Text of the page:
Sunday, May 28, 2017

"Most EU states drifted backward on gay rights"

(Photo: Miguel Discart)
 "Latvia, Lithuania, and Poland still show the least respect of all EU countries toward sexual minorities, with activists calling for political “courage” and “backbone” by EU institutions. 

The three member states all scored below 20 percent on a map of human rights compliance in Europe published by Ilga-Europe, a pressure group in Brussels.

The NGO ranks countries on the basis of laws and policies that impact LGBTI people’s rights in six areas, including equality and non-discrimination, family, and hate speech and violence.

At the other end of the scale, Malta (88%), the UK (76%), and Belgium (72%) led the way, with France (71%) not far behind. 

The map, as in previous years, showed more red (non-compliant) or shades of red and orange in the east, compared to green (compliant) in the west. 

The rating did not always correlate with religious mores - Italy, a Roman Catholic country, scored just 27 percent, but Ireland, Portugal, Spain, which are also Catholic, scored between 52 percent and 69 percent.

Even though Italy scored low, it improved by 7 percent from 2016. 

Denmark, Finland, France, and Slovenia also improved slightly, but the group-of- five were the only ones to do so, while most counties eroded slightly and a few others stayed the same.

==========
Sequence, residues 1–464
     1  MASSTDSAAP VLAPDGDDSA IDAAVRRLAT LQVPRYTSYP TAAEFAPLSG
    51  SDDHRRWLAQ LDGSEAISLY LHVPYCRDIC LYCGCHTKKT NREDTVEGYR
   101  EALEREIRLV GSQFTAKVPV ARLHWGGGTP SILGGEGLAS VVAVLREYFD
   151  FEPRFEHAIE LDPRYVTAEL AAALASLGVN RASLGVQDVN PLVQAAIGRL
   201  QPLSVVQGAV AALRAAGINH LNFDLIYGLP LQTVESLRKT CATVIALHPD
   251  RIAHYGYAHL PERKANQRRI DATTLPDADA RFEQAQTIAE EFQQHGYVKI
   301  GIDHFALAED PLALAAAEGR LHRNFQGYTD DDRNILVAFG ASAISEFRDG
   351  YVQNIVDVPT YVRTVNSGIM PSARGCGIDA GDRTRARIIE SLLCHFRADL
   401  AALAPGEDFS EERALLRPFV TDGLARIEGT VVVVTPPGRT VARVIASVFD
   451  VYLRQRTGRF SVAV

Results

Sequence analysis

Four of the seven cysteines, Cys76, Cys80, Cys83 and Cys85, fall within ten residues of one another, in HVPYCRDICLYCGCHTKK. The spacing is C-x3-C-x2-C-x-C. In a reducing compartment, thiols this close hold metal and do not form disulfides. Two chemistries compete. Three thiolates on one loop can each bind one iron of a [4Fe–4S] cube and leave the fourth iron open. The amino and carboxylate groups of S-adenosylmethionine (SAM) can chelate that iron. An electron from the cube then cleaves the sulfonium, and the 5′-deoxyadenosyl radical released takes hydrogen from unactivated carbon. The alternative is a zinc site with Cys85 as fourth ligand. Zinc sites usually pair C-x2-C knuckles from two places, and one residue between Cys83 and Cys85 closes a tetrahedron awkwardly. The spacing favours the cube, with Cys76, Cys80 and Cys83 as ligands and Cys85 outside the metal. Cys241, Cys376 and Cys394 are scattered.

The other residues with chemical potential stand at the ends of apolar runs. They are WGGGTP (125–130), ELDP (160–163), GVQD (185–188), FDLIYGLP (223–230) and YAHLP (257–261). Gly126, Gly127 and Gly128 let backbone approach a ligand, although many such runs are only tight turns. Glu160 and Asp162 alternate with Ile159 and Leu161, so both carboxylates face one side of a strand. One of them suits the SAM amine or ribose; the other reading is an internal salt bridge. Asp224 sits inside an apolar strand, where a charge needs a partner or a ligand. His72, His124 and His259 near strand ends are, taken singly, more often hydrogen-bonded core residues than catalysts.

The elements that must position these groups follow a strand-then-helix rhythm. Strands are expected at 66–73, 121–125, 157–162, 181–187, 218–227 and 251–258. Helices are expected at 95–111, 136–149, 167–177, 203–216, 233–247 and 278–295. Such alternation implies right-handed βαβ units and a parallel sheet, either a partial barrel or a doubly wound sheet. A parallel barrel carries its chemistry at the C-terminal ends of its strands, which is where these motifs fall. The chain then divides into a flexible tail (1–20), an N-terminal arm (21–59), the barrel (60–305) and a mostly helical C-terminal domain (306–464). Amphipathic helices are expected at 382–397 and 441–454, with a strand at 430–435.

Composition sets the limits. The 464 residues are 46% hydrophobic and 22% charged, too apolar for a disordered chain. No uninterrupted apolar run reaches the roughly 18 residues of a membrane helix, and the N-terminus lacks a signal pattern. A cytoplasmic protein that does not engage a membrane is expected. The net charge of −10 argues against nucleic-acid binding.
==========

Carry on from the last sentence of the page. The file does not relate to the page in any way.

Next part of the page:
Meanwhile, the worst places in Europe to be gay were Azerbaijan (5%) and Russia (6%), where gay people have been rounded up, jailed, abused, and, on some occasions murdered in Russia’s Chechnya province despite EU outcries. 

Ilga-Europe said legal gender recognition in France, civil unions in Italy, and a ban on conversion therapy in Malta “made global headlines” last year, but it said LGBTI people in other parts of Europe were “literally living in fear of their lives”. 

It said marriage equality was “not the only marker of improvement” and the new frontier in Europe is the rights of trans and intersex people"

Read more from source at EU Observer here.

Sunday, May 21, 2017

"Democracy and other duds" -- My latest opinion column for Catalonia Today magazine

At a time when the European Union appears to be slowly falling apart, its highest court was fixated on whether a woman at one workplace in Belgium should be allowed to wear material covering her head.